We choose to go bow in when Med-moored for several reasons: Its easier as the boat does not back well; we have a dinghy in davits that takes up the whole of the stern; and we really appreciate the cockpit privacy with the stern away from the dock.

Charles Springett
Ariel, Bristol 43-3
Annapolis, Md.

Garmin Digital Charts

After quite a few years using a handheld Garmin GPSMap 76cX, I recently installed a Garmin GPSMAP 741 with radar on my boat. I find the Garmin software quite intuitive, and both units have performed pretty much flawlessly on bay daysails and exploring coastal islands in Maine. I like that the handheld uses the same micro SD card for charts as the fixed unit, so that it can operate as a backup to the fixed unit wherever I go. Moreover, I like that I can insert a Garmin topographical map card into the handheld unit for exploring the coast on foot when I arrive at my destination.

Last summer, I went on an extendedcruise to Nova Scotia and Newfoundland, so I purchased the Garmin g2 digital chart card for Eastern Canada (HXCA015R, August 2014 edition). I found the charts to be exceptionally complete. Although I had purchased over $500 worth of Canadian paper chartsfor the trip, it is difficult to anticipate fully all the harbor and other large scale charts that you might need. As far as I could tell,the card included a digitized version of every Canadian chart available for the area of my cruise, so we felt we could navigate safely, even if we did not have paper chart coverage of harbor details. (By the way, the Canadian paper charts are wonderful and, when folded in quarters, fit into readily available clear plastic envelopes, making it convenient to keep a paper chart in the cockpit.)

The Garmin charts also seemed to be properly referenced to the relevant charting datum. Although the cruising guides for this area note a number of places where there arediscrepancies between charted features and the readout one gets on a GPS, we found the charts to be accurate enough for safe navigation, even in fog.

However, the digital charts were not without their issues. The Garmin charts are vector charts composed from the Canadian paper charts, and Garmin has chosen to eliminatemost shore-based information that is on the originals.Thus, if you are attempting tocreate a routeto a particular small outport in Newfoundland, for example, you could find it very difficult to figure out where that outport is on the digital charts since neither its name nor features (like steeples) will appear. You would need to work from a paper chart that has those details and compare shore outlines or the like, or plug in the destinations lat/lon coordinates.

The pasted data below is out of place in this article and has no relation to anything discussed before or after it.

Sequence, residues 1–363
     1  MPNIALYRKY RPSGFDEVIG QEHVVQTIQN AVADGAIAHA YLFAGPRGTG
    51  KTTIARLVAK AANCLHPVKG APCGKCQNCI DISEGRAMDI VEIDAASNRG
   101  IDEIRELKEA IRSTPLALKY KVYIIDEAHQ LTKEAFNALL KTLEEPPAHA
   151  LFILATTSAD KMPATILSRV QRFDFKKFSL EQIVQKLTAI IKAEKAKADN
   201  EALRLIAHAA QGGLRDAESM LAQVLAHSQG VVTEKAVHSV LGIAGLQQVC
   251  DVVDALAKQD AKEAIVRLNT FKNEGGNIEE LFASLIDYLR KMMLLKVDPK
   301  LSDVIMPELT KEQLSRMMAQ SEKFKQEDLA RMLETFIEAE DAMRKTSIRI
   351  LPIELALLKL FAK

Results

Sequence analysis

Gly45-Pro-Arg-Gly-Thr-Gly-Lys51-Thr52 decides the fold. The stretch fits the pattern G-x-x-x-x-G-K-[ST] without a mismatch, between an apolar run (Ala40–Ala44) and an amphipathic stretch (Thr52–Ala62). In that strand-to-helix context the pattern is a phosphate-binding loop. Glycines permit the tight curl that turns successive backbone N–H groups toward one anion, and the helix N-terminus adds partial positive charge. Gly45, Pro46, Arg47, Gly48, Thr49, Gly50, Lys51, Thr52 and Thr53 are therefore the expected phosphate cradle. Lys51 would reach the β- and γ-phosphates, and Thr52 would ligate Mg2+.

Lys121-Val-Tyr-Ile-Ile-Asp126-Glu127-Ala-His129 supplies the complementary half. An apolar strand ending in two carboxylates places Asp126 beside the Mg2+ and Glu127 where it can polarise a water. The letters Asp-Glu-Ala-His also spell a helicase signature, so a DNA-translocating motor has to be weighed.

There is a similar issue relating to the layering of the digital information. While the names of most marine features-islands, bays, rivers, or capes-appear somewhere in the digital charts, they do not appear at all zoom levels, and there often does not seem to be any logic as to why Garmin selected the name of a particular feature to appear at zoomed-out levels. Thus, if you are navigating to a particular prominent cape that happens to have a small island nearby, you might only seethe name of the island.This can be very confusing.

These digital charts also share a layering issue with, I believe, most other vector digital chart products. If you are navigating to a destination that is, say, 30 miles away and zoom out so that you can see that destination on the screen, many of the details of hazards and buoysenroute disappear from the screen. If you zoom in to see those details, you lose the big picture of your destination or next waypoint. This issue makes it difficult to plan routes on the screen and, particularly, to make route changes on the fly while underway. It is critical to safe navigation with digital charts that every stretch of a planned route be checked for hazards at a high zoom level and that the navigator regularly scan through the different zoomlevels while underway.

All these issues point to the continued desirability of using paper charts as an important part of your navigation plan.

Bill Wiegmann
Wanderer, Morris 34 yawl
Deer Isle, Maine


The Imar product discussed in the January 2016 article on protecting clear vinyl was Imar 301 Strataglass Protective Cleaner.

The text of the March 2016 article on sizing snubbers gave an incorrect formula for calculating snubber diameter. The correct formula is: Snubber diameter = Displacement0.4 x 0.00832, where diameter is in inches and displacement is in pounds. Multiply this by 1.6 for catamarans to compensate for added windage. For two-leg bridles, multiply the final diameter by 70 percent. (One leg will occasionally carry the load, but this is offset by reduced yawing.) The data table was accurate, and the online text has been corrected.

Darrell Nicholson
Practical Sailor has been independently testing and reporting on sailboats and sailing gear for more than 50 years. Its independent tests are carried out by experienced sailors and marine industry professionals dedicated to providing objective evaluation and reporting about boats, gear, and the skills required to cross oceans. Practical Sailor is edited by Darrell Nicholson, a long-time liveaboard sailor and trans-Pacific cruiser who has been director of Belvoir Media Group's marine division since 2005. He holds a U.S. Coast Guard 100-ton Master license, has logged tens of thousands of miles in three oceans, and has skippered everything from pilot boats to day charter cats. His weekly blog Inside Practical Sailor offers an inside look at current research and gear tests at Practical Sailor, while his award-winning column,"Rhumb Lines," tracks boating trends and reflects upon the sailing life. He sails a Sparkman & Stephens-designed Yankee 30 out of St. Petersburg, Florida. You can reach him at